Clearly, the dimensions of this Social Capital Index recall Putnam’s original Index. It relies on civic engagement measures and political participation and adds to an existing body of literature treating civic involvement as a form of social capital and determinant of growth. Hence, this Social Capital Index is theoretically and empirically well-grounded, but it is also a hint for a new stream of literature studying social capital in US counties.
The creation of the county-level Index and subsequent studies of the authors are motivated by the spirit of moving to a closer level of analysis and provide more specific policy suggestions, necessary for a community-level attribute such as social capital. The underlying difficulties in evaluating such an elusive concept remain, but the Index has the merit of narrowing the focus of research and encouraging new studies.
Measuring innovation appears as much as complicated as measuring social capital. The present study follows the stream of literature using patents to measure innovation, as it employs the data on utility patents awarded by county (United States Trademark and Patent Office) and it uses the Social Capital Index years (1997, 2005, 2009, 2014) as benchmarks (Viggiano, 2020).
Choosing patents as a measure of innovation implies some limitations. Firstly, they do not convey information about the kind of innovation that occurred, since utility patents cover both creation and product improvements. Therefore, this study cannot assess whether social capital has an impact on vertical innovation, horizontal innovation, neither or both. Moreover, patents cannot provide information about the degree of innovativeness and its effect on the markets, so it cannot be qualified as incremental, sustaining, radical or disruptive. However, using the number of patents as a measure of innovation is always a workable solution, since it allows for an objective measurement of a theoretical concept.
Per capita, real GDP, population density and educational attainment are chosen as control variables (Viggiano, 2020). Furthermore, the level of expenditure for research activities is likely to affect innovation so that it is also considered a control. The National Centre for Science and Engineering Statistics provided state-level-data on R&D expenditure expressed in millions of dollars. Therefore, national research funds are assumed to be equally distributed throughout counties to obtain county-level data and the resulting amount is divided by population to obtain per capita expenditure in each year.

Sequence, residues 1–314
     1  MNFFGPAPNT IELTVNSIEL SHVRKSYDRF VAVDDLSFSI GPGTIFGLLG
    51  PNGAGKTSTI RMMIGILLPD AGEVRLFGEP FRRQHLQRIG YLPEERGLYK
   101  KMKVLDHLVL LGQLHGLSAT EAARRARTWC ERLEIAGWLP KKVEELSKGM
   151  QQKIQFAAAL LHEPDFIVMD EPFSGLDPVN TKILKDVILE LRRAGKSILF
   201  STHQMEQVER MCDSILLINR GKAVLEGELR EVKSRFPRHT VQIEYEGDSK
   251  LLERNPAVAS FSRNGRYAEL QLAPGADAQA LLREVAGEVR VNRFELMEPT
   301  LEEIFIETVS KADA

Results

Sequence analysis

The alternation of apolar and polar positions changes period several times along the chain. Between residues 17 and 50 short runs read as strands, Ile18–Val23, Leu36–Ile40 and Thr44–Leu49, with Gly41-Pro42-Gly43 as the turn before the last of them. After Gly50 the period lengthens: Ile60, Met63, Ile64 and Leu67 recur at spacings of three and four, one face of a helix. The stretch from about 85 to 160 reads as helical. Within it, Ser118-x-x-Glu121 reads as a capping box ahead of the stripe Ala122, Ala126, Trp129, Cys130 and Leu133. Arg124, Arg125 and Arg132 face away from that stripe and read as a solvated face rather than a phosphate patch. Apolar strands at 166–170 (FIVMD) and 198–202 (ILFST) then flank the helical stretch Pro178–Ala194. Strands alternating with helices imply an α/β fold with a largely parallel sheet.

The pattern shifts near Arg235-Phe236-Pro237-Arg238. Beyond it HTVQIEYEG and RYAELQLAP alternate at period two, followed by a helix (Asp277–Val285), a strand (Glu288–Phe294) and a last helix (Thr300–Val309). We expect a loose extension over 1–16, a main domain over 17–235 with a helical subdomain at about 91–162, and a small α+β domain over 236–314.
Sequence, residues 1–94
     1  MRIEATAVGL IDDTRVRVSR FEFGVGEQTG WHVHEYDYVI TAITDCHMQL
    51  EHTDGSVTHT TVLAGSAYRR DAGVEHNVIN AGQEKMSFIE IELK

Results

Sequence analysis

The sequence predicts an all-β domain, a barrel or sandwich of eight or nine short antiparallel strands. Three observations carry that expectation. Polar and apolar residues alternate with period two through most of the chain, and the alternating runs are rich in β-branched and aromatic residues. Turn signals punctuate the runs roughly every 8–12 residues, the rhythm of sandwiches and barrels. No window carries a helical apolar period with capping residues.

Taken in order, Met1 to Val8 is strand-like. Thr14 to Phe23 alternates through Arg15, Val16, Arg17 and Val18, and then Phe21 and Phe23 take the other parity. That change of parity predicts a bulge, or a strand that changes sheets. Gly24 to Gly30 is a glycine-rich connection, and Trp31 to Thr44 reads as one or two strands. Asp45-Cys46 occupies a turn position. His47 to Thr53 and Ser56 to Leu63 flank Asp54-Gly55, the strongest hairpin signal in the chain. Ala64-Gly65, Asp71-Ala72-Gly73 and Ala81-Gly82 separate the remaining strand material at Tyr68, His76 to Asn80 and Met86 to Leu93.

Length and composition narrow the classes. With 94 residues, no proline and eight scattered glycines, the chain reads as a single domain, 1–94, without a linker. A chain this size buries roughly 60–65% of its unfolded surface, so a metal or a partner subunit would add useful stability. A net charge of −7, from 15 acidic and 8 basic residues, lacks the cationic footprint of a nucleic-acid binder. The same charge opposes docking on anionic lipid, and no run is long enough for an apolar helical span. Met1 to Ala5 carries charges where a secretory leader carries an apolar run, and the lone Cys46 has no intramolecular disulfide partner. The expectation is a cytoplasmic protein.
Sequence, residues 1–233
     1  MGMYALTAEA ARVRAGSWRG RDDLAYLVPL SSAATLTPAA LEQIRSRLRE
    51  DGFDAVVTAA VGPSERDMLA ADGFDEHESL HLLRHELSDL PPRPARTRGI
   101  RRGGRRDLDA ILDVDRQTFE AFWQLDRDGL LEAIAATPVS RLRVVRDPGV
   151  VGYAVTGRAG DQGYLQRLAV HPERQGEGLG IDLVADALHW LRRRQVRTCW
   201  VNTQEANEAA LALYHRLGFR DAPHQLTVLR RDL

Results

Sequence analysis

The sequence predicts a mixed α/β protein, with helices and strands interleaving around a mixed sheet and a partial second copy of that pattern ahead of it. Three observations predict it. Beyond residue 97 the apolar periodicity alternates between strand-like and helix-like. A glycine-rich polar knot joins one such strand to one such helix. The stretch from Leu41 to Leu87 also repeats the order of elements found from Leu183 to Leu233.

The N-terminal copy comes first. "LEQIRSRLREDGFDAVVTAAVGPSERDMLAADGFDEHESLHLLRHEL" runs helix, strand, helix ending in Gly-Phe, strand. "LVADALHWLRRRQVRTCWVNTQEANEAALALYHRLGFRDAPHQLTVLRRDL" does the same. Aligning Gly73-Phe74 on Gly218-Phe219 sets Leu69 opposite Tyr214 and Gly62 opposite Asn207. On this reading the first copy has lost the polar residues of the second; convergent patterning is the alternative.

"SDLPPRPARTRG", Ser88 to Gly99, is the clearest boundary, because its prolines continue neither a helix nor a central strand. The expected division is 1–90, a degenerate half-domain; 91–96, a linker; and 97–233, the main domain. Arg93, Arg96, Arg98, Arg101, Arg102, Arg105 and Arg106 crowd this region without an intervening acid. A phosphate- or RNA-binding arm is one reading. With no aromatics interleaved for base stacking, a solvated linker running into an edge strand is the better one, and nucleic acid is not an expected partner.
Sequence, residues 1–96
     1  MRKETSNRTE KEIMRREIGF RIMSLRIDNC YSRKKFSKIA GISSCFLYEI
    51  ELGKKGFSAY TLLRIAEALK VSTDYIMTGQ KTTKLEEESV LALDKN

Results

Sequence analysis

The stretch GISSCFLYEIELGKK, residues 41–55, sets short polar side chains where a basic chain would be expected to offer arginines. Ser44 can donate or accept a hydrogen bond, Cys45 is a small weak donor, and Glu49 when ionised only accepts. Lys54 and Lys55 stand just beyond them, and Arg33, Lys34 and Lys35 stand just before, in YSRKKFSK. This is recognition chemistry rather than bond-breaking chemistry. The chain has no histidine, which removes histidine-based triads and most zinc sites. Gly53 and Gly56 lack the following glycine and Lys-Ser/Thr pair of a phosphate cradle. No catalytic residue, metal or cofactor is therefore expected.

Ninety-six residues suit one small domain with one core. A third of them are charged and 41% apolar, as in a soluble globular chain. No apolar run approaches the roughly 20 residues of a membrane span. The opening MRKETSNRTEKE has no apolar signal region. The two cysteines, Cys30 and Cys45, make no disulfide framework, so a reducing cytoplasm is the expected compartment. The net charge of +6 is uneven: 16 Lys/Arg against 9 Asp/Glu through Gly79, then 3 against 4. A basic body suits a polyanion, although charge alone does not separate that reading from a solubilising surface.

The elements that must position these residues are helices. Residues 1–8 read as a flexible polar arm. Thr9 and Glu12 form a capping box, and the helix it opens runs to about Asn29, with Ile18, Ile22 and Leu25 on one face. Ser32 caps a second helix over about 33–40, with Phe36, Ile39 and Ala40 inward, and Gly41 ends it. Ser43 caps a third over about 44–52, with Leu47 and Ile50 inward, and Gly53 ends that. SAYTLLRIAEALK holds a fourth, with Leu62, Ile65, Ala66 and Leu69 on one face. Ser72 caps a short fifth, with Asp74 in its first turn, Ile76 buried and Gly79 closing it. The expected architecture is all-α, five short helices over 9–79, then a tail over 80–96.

The above-mentioned methodologies and data were used to create a panel dataset for 48 States (Alaska, Hawaii and islands are excluded), District of Columbia and 2882 US counties.
Data at a glance
The dataset allows an overview of the geography of social capital across counties and states. At first glance, Midwest appears as a highly concentrated region, while South presents scarcity of social capital (Appendix 1 and 2).
The polarization is even clearer by looking at the overall map (Map 1, showing the general distribution of social capital in all the years under study) since states in the top and second quantile are almost exclusively in Northern USA. The scatterplots 1-4 reveal a further important detail for our analysis. Social capital is always greater among Midwestern states (especially Iowa, Kansas, Minnesota, Nebraska, North and South Dakota) and lower in South. In contrast, Western and North-eastern states are usually located in the middle and show medium-low and medium-high social capital indices.
Although this scheme is repeated each year, states progressively reduce their scattering across time, and they seem to converge until 2009. A slight increase in dispersion is observed in 2014.
Furthermore, some states belonging to the same area show similar dynamics and some of them are neighbouring (Graph 1-4). Relevant findings also concern the distribution of social capital in each dimension of the SCI, since the highest Social Capital Indices in Midwest mirror better performances in all their components (Viggiano, 2020).